The CAP approach was based on the clear-eyed analysis that defeating an insurgency required patience and a long-term commitment. In 1965 the Johnson administration was unwilling to accept such a commitment. It made no effort to persuade the American public that a protracted effort was required. So the question of whether the American public would have tolerated an ongoing expenditure of blood and treasure associated with an open-ended commitment to Vietnam is unknowable. What is certain is that if faced with the marine approach nationwide, the inventive foe would have altered his tactics and strategy.
The largest segment of the South Vietnamese population, the rural peasantry, simply never supported the South Vietnamese government. Since the arrival of the Japanese in 1941, villagers had seen outsiders representing different governments and political views come and go. They perceived the American-supported South Vietnamese government to be a continuation of rule by an alien elite little different from the French colonial administration. They considered it aloof, corrupt, inefficient, and totally lacking in legitimacy, a viewpoint widely shared by those Americans who lived among the villagers. At best, in places where enough American or South Vietnamese soldiers occupied the ground, the rural people acquiesced to Saigon’s rule. Genuine, deeply held support was rare. Within the time span that American politicians gave themselves to win the war, no amount of American sacrifice would alter this fact.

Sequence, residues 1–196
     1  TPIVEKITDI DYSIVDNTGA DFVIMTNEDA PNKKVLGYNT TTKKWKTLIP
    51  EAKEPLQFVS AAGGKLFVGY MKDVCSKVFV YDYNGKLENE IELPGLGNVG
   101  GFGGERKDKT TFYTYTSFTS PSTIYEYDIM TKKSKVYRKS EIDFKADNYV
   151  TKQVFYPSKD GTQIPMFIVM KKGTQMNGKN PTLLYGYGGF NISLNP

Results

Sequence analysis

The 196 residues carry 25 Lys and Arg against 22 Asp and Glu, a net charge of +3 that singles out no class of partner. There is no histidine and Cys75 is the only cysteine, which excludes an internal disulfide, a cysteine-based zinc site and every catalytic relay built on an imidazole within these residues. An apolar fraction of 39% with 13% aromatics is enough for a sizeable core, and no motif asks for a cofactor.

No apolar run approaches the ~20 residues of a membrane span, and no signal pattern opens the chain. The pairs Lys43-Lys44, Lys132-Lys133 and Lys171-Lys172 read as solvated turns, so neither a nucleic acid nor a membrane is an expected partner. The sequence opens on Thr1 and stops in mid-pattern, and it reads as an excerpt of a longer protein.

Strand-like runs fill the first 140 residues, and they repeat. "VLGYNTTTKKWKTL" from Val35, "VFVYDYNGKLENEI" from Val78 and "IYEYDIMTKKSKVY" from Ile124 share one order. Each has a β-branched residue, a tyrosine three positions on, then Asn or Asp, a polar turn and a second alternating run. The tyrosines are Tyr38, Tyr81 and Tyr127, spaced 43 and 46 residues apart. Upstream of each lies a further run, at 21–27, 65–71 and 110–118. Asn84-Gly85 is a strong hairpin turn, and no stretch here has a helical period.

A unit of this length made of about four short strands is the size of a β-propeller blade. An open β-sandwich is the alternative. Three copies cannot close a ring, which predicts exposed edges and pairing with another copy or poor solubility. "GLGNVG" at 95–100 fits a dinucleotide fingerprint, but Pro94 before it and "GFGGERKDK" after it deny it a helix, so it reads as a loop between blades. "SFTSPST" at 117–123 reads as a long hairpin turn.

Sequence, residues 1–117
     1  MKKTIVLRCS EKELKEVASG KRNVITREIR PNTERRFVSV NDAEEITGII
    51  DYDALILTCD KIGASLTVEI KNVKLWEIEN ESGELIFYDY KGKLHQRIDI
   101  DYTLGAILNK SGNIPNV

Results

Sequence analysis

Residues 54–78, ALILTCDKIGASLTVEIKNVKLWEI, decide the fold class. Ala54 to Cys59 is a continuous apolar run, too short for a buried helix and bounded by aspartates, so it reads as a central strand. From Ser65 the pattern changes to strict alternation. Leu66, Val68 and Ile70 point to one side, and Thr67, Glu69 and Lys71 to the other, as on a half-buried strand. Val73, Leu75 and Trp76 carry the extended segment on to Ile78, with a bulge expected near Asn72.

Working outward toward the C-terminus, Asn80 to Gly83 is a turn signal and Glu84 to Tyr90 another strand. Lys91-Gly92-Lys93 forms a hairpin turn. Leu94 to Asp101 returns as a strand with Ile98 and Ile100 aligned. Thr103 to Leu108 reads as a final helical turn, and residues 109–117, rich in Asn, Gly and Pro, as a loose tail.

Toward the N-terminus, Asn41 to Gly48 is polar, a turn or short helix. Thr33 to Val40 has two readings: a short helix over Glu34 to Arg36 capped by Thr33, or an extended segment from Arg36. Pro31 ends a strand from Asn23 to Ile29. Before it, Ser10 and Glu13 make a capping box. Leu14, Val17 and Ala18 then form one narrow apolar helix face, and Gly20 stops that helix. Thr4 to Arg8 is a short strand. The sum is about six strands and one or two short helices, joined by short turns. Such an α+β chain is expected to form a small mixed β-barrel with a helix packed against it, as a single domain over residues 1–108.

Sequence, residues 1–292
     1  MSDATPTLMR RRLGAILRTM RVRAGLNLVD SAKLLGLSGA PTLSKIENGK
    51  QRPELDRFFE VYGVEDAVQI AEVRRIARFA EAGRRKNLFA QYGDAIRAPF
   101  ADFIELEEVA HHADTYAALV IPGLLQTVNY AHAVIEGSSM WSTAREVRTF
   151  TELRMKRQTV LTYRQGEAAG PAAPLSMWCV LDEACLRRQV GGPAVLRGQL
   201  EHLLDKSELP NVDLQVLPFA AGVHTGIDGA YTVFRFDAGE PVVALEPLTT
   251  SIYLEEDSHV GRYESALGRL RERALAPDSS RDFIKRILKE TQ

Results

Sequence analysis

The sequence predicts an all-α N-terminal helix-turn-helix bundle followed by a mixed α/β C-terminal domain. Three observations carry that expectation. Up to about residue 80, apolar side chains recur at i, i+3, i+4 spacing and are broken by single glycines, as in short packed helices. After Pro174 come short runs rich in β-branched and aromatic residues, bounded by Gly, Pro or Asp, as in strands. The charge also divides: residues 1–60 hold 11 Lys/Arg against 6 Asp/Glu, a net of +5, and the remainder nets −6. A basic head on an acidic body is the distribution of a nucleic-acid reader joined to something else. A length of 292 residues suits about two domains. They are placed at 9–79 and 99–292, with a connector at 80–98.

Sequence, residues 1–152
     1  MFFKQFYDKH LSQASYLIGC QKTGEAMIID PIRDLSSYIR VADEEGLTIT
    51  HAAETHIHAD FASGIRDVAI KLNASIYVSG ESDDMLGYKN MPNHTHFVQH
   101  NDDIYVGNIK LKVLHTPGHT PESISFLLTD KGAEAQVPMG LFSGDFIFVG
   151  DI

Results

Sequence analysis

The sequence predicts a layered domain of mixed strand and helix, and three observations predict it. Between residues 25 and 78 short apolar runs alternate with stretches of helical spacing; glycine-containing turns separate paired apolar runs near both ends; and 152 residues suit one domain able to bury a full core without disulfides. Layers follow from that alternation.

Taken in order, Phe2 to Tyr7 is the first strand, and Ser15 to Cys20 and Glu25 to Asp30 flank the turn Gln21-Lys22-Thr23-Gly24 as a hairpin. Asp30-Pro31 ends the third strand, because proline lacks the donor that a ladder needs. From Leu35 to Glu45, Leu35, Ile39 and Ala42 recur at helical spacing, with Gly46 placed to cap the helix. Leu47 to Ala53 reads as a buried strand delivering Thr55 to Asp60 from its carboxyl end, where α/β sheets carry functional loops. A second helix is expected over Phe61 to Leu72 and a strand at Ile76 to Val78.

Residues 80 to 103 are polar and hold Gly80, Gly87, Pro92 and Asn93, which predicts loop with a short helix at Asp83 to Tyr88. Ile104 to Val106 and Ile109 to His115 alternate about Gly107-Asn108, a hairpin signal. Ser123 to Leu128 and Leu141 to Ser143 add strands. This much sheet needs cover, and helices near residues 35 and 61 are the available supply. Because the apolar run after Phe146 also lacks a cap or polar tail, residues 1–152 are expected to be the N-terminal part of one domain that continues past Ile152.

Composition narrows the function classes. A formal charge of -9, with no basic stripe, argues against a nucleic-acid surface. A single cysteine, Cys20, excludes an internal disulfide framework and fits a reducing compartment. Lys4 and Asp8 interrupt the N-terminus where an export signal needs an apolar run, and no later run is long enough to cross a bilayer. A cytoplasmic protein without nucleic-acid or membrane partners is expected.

The United States and its Vietnamese allies defined security as freedom from enemy attack. Both South Vietnamese and American generals complained that they lacked the manpower to protect rural areas. American manpower was unavailable for this mission because of the focus on the big-unit war. Robert Komer claimed, “While many initiatives, experiments and even programs were undertaken at one time or another, none was on a scale or in a manner to have sufficient impact and all were overshadowed by the big-unit war.” According to MACV strategy, the relentless pursuit of enemy main-force units would provide a shield behind which the South Vietnamese government would pacify the villages. In 1969 a marine officer challenged this concept: “The rationale that ceaseless U.S. operations in the hills could keep the enemy from the people was an operational denial of the fact that in large measure the war was a revolution which started in the hamlets and that therefore the Viet Cong were already among the people when we went to the hills.”
Indeed, back in 1967 a district adviser serving in I Corps complained that the security situation was terrible. An army Colonel replied he did not see it that way: his division was in the hills killing the enemy at a fantastic rate. The adviser replied, “Colonel, that’s your war, not mine.” That night a Viet Cong sapper team infiltrated district headquarters and killed the adviser. Months later, his replacement reported that the situation had not improved; the Viet Cong still dominated the villages, bitterly adding that the same American “division was still out in the hills bringing them security.”